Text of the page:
search.noResults

search.searching

dataCollection.invalidEmail
note.createNoteMessage

search.noResults

search.searching

orderForm.title

orderForm.productCode
orderForm.description
orderForm.quantity
orderForm.itemPrice
orderForm.price
orderForm.totalPrice
orderForm.deliveryDetails.billingAddress
orderForm.deliveryDetails.deliveryAddress
orderForm.noItems
MATURE TRAVEL WALKING HOLIDAYS DESTINATIONS 5


SECRET GREECE For independent clients wanting to do away with a guide and take charge of the


orienteering themselves, suggest a self-guided tour. Inntravel offers a plethora of options,


but for an especially peaceful route traversing barely touched landscapes and unspoiled villages, look to its ‘Secret’ Andros itinerary in Greece. Passing empty beaches, waterfall-


clad valleys, rolling hills and emerald vineyards via a network of ancient, well-preserved walking trails, it takes hikers through the best of this lush, little-visited island, with Greek cuisine on hand along the way to help walkers fuel up, and plenty of opportunity to sample the local vintages too. Book it: From £635 each based on two sharing, including six nights’ B&B in a guesthouse, route notes, maps and luggage transfers. Flights extra. inntravel.co.uk


6


KUMANO KODO TRAIL, JAPAN Think Japan, think Mount Fuji? While there’s good reason this mystical mountain has a


reputation among hikers the world over, Japan has plenty to explore beyond its most famous landmark. Among the country’s most scenic


routes is the Kumano Kodo, a network of walking trails through the countryside that served as a pilgrimage


route for more than a millennium and is now a Unesco World Heritage Site. Exodus Travels offers a two-week


walking tour through the region exploring the ancient shrines, temples, villages and teahouses that colour it, with visits to the likes of Toba, famed for its pearl divers; Nachi, where a plume of white water crashes down the rocks; and Yamanobe-no-Michi, one of the country’s oldest pathways, dating back more than 1,200 years. Walking days range from casual


two-hour strolls to more-intense days of hiking (up to nine hours), so it’s best reserved for those with a good level of fitness, but most trails are on good, well-marked paths, and bus and train transfers between points provide ample time to rest the legs. Book it: From £5,499 including B&B accommodation, some meals, guide, transfers and flights. exodus.co.uk


ABOVE: Cherry blossom on Japan’s Yamanobe-no- Michi trail


BELOW: Machu Picchu, Peru


Walks in flower-strewn meadows, gondola rides to viewing points and boat trips on lakes are on the Austrian itinerary


7


AUSTRIAN ALPS Nothing beats taking in the fresh, mountain air of the Alps as pines soar into the sky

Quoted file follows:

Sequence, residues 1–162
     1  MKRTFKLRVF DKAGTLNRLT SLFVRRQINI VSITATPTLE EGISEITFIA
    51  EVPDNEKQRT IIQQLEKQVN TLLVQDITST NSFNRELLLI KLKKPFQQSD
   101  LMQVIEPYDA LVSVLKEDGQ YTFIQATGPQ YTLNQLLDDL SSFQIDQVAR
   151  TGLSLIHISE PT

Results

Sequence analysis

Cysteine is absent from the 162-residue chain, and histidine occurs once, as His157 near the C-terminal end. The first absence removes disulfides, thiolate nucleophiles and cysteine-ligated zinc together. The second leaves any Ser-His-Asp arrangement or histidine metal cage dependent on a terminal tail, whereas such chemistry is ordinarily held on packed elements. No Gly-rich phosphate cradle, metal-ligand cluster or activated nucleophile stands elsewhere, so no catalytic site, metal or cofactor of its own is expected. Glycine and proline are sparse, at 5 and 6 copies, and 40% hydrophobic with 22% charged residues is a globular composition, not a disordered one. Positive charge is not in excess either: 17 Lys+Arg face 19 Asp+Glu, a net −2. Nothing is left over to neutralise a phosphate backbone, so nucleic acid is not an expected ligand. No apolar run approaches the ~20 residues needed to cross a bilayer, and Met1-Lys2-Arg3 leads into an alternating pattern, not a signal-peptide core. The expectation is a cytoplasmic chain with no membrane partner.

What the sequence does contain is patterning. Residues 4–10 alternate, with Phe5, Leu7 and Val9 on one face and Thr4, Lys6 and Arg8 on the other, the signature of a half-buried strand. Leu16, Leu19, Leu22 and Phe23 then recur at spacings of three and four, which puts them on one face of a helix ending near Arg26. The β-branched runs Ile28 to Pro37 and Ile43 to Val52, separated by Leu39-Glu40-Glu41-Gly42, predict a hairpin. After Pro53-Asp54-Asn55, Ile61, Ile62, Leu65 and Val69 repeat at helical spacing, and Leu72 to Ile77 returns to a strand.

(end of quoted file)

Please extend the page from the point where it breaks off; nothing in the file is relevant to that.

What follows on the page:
around you and cowbells jingle in the distance – and it doesn’t get much more idyllic than the Austrian Tyrol. For those wanting to see the region


at its best, suggest walking specialist Adagio (part of Ramblers Worldwide Holidays), which offers a seven-night trip in the iconic Zugspitz Arena, where jagged peaks overlook quaint Alpine villages. Gentle walks around flower-strewn


meadows, gondola rides to panoramic lookouts (including the Zugspitze peak, reaching nearly 3,000m) and boat trips along aqua-blue lakes are all on the itinerary here, with easy one to three-hour strolls each day, alongside plenty of free time to explore at leisure. Guests stay in Ehrwald, a peaceful village right in the mountains, and when they’re done walking they can slot in some R&R time with saunas, salt steam rooms and spa treatments, all available at the hotel. Book it: From £1,250 including en-suite accommodation with breakfast at the four-star Hotel Alpen Residence, transport, entrance fees and flights, plus a local travel pass. Departures in June, July and September. adagio.co.uk


21 March 2019travelweekly.co.uk49


Page 1  |  Page 2  |  Page 3  |  Page 4  |  Page 5  |  Page 6  |  Page 7  |  Page 8  |  Page 9  |  Page 10  |  Page 11  |  Page 12  |  Page 13  |  Page 14  |  Page 15  |  Page 16  |  Page 17  |  Page 18  |  Page 19  |  Page 20  |  Page 21  |  Page 22  |  Page 23  |  Page 24  |  Page 25  |  Page 26  |  Page 27  |  Page 28  |  Page 29  |  Page 30  |  Page 31  |  Page 32  |  Page 33  |  Page 34  |  Page 35  |  Page 36  |  Page 37  |  Page 38  |  Page 39  |  Page 40  |  Page 41  |  Page 42  |  Page 43  |  Page 44  |  Page 45  |  Page 46  |  Page 47  |  Page 48  |  Page 49  |  Page 50  |  Page 51  |  Page 52  |  Page 53  |  Page 54  |  Page 55  |  Page 56  |  Page 57  |  Page 58  |  Page 59  |  Page 60  |  Page 61  |  Page 62  |  Page 63  |  Page 64  |  Page 65  |  Page 66  |  Page 67  |  Page 68  |  Page 69  |  Page 70  |  Page 71  |  Page 72  |  Page 73  |  Page 74  |  Page 75  |  Page 76  |  Page 77  |  Page 78  |  Page 79  |  Page 80